Brokers, Shippers, Receivers Must Avoid Driver Coercion

The Driver Coercion rule, which took effect in January 2016, prohibits coercing a driver to violate federal motor carrier regulations. One unique aspect of the rule is that it not only applies to carriers coercing one of its drivers, but also to brokers, shippers and receivers who have contact with the driver.

Former FMCSA inspector John Seidl says that ELDs—with their inflexibility regarding hours of service—could be an additional stumbling block for those wanting to avoid driver coercion. Watch Video.

Seidl, a keynote speaker at the DAT User Conference in October, said that a broker cannot ask a carrier to continue on if the broker knows the driver has surpassed his hours of service. And the broker must educate his shipper and receiver customers to do the same.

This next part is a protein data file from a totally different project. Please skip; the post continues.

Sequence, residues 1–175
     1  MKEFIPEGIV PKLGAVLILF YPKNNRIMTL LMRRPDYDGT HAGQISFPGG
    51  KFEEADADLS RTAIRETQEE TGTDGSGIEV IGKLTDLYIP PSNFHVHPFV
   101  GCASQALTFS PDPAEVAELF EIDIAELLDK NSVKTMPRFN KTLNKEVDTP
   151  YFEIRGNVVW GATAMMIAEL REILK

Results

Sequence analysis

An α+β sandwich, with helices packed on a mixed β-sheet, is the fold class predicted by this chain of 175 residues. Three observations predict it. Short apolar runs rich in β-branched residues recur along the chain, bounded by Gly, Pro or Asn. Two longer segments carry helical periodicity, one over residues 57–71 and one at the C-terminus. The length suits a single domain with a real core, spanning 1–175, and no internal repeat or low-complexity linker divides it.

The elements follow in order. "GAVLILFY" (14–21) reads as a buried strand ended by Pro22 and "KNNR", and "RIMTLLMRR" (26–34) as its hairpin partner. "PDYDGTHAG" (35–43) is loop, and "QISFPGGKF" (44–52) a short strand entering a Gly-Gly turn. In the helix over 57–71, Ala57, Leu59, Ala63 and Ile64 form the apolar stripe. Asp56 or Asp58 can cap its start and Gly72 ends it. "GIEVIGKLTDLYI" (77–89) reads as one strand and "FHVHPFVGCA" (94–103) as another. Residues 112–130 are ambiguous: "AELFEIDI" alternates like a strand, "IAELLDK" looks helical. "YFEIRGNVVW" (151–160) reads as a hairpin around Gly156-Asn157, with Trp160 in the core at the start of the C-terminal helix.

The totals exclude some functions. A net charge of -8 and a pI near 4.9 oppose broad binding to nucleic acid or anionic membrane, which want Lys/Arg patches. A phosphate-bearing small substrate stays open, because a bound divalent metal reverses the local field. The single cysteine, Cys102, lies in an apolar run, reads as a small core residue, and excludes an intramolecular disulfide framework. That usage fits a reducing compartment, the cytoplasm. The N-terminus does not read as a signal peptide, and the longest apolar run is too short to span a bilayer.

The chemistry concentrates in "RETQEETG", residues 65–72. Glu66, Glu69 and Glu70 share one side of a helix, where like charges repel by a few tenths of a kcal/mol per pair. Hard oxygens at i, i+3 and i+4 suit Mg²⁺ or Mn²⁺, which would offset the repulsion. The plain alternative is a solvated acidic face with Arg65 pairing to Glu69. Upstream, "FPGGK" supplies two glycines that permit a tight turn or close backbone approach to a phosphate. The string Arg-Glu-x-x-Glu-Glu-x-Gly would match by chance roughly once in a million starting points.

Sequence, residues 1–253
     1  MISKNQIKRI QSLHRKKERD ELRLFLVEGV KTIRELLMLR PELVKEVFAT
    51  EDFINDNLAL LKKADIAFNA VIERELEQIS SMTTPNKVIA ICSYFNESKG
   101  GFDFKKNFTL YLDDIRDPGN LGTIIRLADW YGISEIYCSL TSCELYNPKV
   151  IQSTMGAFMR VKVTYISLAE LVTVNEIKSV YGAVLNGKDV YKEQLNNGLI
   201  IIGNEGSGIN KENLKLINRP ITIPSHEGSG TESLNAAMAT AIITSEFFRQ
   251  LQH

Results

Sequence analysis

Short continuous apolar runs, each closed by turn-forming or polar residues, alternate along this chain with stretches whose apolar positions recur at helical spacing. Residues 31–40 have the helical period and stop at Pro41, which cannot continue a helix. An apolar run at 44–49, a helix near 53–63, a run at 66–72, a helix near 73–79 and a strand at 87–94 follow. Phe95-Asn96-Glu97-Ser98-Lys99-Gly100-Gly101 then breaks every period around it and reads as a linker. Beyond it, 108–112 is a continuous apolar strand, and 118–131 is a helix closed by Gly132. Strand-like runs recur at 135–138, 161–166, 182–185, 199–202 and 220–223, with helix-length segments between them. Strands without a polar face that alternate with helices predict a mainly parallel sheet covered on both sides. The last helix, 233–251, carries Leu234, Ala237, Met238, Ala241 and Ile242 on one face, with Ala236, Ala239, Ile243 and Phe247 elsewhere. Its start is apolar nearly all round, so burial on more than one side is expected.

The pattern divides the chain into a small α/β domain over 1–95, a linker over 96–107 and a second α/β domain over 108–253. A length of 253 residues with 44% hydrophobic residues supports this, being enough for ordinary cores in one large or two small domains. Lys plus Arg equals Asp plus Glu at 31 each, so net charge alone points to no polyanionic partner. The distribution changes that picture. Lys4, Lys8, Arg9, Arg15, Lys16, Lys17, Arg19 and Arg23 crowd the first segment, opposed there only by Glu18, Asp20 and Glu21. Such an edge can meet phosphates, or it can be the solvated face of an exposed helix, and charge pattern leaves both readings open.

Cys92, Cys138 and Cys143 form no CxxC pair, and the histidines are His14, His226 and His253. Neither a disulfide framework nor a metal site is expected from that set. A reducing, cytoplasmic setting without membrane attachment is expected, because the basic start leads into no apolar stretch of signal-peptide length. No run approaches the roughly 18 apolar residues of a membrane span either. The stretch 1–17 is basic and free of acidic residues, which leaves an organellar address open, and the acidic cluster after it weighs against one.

And it's not just hours of service issues that could lead to a driver coercion claim. If a truck breaks down at a receiver's dock and the receiver says he has

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What is Driver Coercion?



Pat Pitz

Pat Pitz is the editor of the DAT Solutions freight broker newsletter. He has nearly 20 years experience as a professional writer and editor. Before joining DAT, he spent 8 years at a Portland advertising and public relations agency, where he wrote newsletters and other content for a variety of high-profile clients, including several in the trucking industry.



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